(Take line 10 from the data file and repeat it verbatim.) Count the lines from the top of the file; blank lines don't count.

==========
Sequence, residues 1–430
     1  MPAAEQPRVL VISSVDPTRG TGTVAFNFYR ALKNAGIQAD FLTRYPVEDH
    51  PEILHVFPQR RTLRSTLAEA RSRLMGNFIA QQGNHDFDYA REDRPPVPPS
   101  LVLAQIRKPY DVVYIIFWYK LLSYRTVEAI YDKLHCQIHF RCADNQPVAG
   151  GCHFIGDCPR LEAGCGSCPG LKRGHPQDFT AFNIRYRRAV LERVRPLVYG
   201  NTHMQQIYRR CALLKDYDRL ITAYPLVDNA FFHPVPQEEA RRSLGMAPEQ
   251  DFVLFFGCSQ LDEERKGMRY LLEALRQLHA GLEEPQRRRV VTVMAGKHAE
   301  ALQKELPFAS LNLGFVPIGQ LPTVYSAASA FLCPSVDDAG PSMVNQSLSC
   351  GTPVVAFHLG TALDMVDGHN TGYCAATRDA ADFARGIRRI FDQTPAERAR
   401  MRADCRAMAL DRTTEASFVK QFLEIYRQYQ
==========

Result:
   401  MRADCRAMAL DRTTEASFVK QFLEIYRQYQ